Happy Sifting! 

Challah

Total Time: 4 hours, 30 minutes

Challah

  • 4 cups bread flour
  • 2 Tbs granulated sugar
  • 1 tsp salt
  • 1 1/3 tsp instant yeast, .15 oz
  • 2 Tbs vegetable oil
  • 2 large eggs, slightly beaten
  • 2 large egg yolks, slightly beaten
  • ¾ cup plus 2 Tbs to 1 1/8 cups room temperature water
  • 2 egg whites, whisked until frothy
  • Sesame or poppy seeds, optional
  1. In the bowl of a stand mixer with the paddle attachment, mix together flour, sugar, salt and yeast. In a small bowl, whisk together oil, eggs, yolks and ¾ cup plus 2 Tbs water.
  2. Slowly pour wet ingredients into dry and mix until the dough forms a ball. Add additional water if needed to make the dough come together.
  3. Replace paddle with dough hook and mix on medium-low speed for 6-8 minutes. If needed sprinkle in more flour if the dough is sticking to the sides and bottom of the bowl too much. It’s ready when a smooth, tacky dough forms and passes the windowpane test.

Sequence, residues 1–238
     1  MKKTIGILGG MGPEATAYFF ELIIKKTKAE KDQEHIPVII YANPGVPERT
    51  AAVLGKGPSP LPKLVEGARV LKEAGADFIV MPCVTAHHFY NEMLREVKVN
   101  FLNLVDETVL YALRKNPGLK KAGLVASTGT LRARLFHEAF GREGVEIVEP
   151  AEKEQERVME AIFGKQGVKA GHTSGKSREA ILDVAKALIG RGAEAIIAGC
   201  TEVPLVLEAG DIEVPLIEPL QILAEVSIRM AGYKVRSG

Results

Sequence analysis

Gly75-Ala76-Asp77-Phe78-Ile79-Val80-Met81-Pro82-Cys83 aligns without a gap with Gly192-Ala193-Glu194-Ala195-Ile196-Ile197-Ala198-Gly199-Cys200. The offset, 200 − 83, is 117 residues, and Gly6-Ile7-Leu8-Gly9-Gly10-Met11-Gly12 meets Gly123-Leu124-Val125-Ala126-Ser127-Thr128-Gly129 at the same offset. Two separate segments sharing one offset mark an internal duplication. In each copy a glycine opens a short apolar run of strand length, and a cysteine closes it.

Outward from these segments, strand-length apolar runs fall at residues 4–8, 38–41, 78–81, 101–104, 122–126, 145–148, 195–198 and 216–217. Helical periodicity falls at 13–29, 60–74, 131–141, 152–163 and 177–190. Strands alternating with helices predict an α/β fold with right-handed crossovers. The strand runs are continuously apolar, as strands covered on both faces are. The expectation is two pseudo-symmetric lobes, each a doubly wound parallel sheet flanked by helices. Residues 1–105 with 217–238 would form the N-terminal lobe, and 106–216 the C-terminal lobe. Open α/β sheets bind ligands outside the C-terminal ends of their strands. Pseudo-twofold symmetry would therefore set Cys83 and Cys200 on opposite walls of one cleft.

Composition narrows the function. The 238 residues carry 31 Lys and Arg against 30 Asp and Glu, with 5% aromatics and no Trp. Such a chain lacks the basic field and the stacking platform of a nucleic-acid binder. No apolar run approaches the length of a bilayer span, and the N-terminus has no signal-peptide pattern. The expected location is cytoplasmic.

4. Lightly oil a large bowl. Form the dough into a boule (explained above) and transfer into the bowl making sure to coat it in oil all over. Cover with plastic wrap and proof for an hour.
  5. Remove the dough from bowl and onto a surface lightly dusted with flour. Punch out the air and knead for about two minutes.
  6. Form it back into a boule, place in the proofing bowl, cover with plastic wrap and proof for another hour. It should expand to at least 1 ½ times its original size.
  7. Remove from bowl and divide into three equal pieces. Form each piece into a boule, cover with a towel and let them rest for 10 minutes.
  8. Roll out each piece into a 24-inch-long strand where the middle is slightly thicker and the ends taper off.
  9. Braid the three strands together. Pinch the ends together and tuck them under the loaf. Transfer to a lined sheet pan.
  10. Brush loaf with egg whites, cover loosely with plastic wrap and proof for 60-75 minutes or until the dough has grown to 1 ½ times its original size.
  11. Preheat oven to 350F with the oven rack in the center. Brush loaf with frothy egg whites again and sprinkle with seeds if desired.
  12. Bake for 20 minutes. Rotate pan 180 degrees and bake for additional 20 minutes. The bread should be a deep golden brown.
  13. Transfer to a cooling rack and allow to cool for an hour before you dive in.

Challah from Sifting Through Life